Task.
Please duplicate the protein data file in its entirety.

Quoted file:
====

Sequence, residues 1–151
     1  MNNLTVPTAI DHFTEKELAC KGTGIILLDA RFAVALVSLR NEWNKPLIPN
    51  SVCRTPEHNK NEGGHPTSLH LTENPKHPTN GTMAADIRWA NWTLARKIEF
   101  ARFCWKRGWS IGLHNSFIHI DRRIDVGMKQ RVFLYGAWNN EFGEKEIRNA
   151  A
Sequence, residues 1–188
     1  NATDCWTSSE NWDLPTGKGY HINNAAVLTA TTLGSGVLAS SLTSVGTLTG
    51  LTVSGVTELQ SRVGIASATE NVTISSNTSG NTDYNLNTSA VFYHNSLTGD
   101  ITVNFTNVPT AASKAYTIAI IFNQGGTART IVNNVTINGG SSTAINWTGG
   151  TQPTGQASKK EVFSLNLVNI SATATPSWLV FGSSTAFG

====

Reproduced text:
Sequence, residues 1–151
     1  MNNLTVPTAI DHFTEKELAC KGTGIILLDA RFAVALVSLR NEWNKPLIPN
    51  SVCRTPEHNK NEGGHPTSLH LTENPKHPTN GTMAADIRWA NWTLARKIEF
   101  ARFCWKRGWS IGLHNSFIHI DRRIDVGMKQ RVFLYGAWNN EFGEKEIRNA
   151  A
Sequence, residues 1–188
     1  NATDCWTSSE NWDLPTGKGY HINNAAVLTA TTLGSGVLAS SLTSVGTLTG
    51  LTVSGVTELQ SRVGIASATE NVTISSNTSG NTDYNLNTSA VFYHNSLTGD
   101  ITVNFTNVPT AASKAYTIAI IFNQGGTART IVNNVTINGG SSTAINWTGG
   151  TQPTGQASKK EVFSLNLVNI SATATPSWLV FGSSTAFG